pointers to strings

This is a discussion on pointers to strings within the C Programming forums, part of the General Programming Boards category; Hi, I have a function like this: Code: void addidfword(char *word, char *dname, IDFWORDS *C) { IDFWORDS *new; IDFWORDS *ptr; ...

  1. #1
    Registered User
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    Sep 2003
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    15

    pointers to strings

    Hi,

    I have a function like this:
    Code:
    void addidfword(char *word, char *dname, IDFWORDS *C) {
       IDFWORDS *new;
       IDFWORDS *ptr;
    
       new=(IDFWORDS *)malloc(sizeof(IDFWORDS));
       new->word=word;
    The char *word passed to the fn is a pointer to malloc spaced for the string.
    Each IDFWORDS struct has a char *word in it.
    It works if instead of:
    new->word=word;
    I do:
    new->word=(char *)malloc(sizeof(char)*strlen(word)+1);
    strcpy(new->word,word);

    But I am wondering why I have to malloc more space for something that is malloced already. Why can't I just set new->word equal to the pointer to the malloced space?

    THanks.

  2. #2
    ATH0 quzah's Avatar
    Join Date
    Oct 2001
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    But I am wondering why I have to malloc more space for something that is malloced already.
    First off, you're not mallocing anything that exists already. You're mallocing a new instance of IDFWORDS. See:
    Code:
    IDFWORDS *new; /* This is a pointer. It has no allocated instance. */
    IDFWORDS *ptr;
    
    new=(IDFWORDS *)malloc(sizeof(IDFWORDS)); /* Now you are creating an instance of IDFWORDS. */
    All this does is create the IDFWORDS structure instance. The pointer in that structure, contains nothing. The real reason you malloc space for new->word is because it doesn't point to anything.

    Yes, you could just make the pointer there point to the argument passed. However, what happens if something happens to that argument? What if it goes out of scope? What if it is destroyed by another function?

    That's the reason you take care of your own allocation and copying.

    Quzah.
    Hope is the first step on the road to disappointment.

  3. #3
    Registered User
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    I am not sure I follow...maybe my question wasn't clear or maybe I am just not getting it.

    Before this function is called, i malloc space for a string called word. i then pass the pointer to this malloced space to the function. Shouldn't doing:
    new->word=word
    be okay since word is just a pointer to the malloced space?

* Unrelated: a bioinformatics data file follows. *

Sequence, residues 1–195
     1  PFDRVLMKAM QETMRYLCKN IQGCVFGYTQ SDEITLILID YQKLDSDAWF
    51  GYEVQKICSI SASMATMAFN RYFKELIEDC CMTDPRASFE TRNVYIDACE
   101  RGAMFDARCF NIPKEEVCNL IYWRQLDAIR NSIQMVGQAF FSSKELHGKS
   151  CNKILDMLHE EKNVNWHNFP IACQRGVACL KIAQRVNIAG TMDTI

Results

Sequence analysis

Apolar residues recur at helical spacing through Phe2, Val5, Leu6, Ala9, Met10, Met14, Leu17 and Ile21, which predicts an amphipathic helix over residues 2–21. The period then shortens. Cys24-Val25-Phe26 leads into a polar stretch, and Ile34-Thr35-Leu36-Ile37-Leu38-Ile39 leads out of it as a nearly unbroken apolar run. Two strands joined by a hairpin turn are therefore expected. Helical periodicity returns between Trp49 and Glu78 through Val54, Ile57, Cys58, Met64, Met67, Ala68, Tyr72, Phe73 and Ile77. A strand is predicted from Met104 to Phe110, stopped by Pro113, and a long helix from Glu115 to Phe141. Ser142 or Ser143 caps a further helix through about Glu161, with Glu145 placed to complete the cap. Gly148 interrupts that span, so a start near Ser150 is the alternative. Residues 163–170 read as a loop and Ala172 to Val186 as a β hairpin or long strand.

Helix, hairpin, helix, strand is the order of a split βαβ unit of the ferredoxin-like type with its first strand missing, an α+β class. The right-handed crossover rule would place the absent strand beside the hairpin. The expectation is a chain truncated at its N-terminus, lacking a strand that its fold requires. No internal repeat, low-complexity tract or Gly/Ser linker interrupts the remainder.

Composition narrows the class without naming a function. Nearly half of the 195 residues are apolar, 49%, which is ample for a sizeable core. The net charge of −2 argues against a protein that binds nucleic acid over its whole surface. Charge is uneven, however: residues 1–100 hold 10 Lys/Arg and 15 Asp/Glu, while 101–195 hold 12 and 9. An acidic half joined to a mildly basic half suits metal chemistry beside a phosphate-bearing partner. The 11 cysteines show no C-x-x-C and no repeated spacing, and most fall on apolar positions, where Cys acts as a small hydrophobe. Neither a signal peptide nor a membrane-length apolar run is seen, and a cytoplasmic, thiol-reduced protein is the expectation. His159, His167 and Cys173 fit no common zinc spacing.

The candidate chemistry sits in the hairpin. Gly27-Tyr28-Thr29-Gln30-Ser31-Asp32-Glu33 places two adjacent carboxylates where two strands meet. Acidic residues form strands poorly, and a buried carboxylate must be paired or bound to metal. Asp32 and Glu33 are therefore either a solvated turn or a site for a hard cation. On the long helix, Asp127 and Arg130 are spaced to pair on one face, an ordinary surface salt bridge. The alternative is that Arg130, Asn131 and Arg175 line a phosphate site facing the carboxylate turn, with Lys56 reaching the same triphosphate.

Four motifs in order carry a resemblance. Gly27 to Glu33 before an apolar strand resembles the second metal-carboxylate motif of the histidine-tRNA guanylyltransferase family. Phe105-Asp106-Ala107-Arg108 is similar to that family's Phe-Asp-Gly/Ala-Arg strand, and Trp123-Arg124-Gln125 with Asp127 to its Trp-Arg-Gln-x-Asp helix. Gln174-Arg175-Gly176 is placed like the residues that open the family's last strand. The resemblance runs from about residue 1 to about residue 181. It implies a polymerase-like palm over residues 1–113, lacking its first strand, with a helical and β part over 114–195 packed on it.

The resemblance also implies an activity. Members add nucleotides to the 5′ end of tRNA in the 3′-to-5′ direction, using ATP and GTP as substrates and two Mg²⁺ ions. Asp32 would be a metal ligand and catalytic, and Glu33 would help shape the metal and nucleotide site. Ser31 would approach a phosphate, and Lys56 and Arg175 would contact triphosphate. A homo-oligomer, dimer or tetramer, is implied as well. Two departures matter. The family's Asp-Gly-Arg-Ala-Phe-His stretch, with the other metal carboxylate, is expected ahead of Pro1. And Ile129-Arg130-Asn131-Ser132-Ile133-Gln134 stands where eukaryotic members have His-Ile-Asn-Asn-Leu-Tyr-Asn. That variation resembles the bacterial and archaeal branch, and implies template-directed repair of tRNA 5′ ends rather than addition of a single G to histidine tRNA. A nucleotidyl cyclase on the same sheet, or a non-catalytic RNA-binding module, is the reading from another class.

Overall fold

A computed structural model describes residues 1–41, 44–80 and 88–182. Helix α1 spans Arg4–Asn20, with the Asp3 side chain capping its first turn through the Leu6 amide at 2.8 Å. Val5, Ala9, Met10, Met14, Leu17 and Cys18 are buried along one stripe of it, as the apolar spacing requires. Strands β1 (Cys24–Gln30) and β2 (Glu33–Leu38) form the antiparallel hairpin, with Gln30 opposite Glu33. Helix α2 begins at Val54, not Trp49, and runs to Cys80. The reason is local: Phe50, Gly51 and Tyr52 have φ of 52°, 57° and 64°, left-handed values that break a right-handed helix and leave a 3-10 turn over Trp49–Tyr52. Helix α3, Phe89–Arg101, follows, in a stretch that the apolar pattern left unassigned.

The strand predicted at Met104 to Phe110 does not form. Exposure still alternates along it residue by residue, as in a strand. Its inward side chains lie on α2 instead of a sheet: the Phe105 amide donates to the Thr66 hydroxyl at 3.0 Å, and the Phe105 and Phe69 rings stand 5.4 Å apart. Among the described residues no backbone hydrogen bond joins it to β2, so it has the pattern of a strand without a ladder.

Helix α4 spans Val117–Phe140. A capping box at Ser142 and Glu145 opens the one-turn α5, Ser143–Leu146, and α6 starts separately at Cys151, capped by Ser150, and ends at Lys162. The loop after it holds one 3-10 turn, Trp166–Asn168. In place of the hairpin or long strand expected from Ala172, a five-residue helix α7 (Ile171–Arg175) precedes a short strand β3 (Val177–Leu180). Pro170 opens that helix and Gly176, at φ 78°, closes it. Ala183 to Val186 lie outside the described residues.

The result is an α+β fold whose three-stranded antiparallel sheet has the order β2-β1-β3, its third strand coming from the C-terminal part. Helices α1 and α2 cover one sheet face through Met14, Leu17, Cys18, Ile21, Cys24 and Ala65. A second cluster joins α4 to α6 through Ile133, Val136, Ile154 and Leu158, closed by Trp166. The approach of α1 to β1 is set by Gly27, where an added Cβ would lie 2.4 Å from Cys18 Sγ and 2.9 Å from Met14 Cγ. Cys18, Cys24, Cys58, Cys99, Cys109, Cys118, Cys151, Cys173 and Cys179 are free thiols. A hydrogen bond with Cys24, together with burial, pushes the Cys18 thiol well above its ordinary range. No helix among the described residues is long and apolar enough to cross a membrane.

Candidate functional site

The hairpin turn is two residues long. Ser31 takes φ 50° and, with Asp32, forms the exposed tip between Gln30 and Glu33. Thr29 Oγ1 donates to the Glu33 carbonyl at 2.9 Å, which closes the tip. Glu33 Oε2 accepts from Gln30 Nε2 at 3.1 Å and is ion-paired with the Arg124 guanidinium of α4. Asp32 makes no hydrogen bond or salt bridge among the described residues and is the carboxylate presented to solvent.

I thought passing a pointer to a function meant you could access it.

    Basically,
    i want new->word to point to a malloced location i created outside the function call.
    i give the function a pointer to that space and want new->word to point to it.


    Thanks again...

  4. #4
    End Of Line Hammer's Avatar
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    6,231
    Here's some compilable code based on yours. I have no idea if it reflects what you're actually doing, but hopefully it will help you understand better.

    The first call to malloc is in main(). This creates the room for the word "123456789".
    The call to malloc() within the addidfword() function is there to create room for the structure of type IDFWORDS. I'm not sure what you're doing with these things, so it's difficult to judge if you're actually going the best way about things.

    Anyway, see how you get on.
    Code:
     #include <stdio.h>
     #include <stdlib.h>
     #include <string.h>
     
     typedef struct
     {
       char  *word;
     } IDFWORDS;
     
     void addidfword(char *word, char *dname, IDFWORDS *C)
     {
       IDFWORDS *new;
     
       IDFWORDS  *ptr;
     
       /* 
        * This was: new=(IDFWORDS *)malloc(sizeof(IDFWORDS)); 
        */ 
     
       new = malloc(sizeof(*new)); 
     
       if (new)
       {
         new->word = word;
       }
     
       /* 
        * Continue to use new
        * ...
        */
       free(new);
     }
     
     int main(void)
     {
       char      *p;
       IDFWORDS  c;
     
       p = malloc(10);
       if (p)
       {
         strcpy(p, "123456789");
         addidfword(p, "dnameblurb", &c);
       }
     
       free(p);
     
       return(0);
     }
    When all else fails, read the instructions.
    If you're posting code, use code tags: [code] /* insert code here */ [/code]

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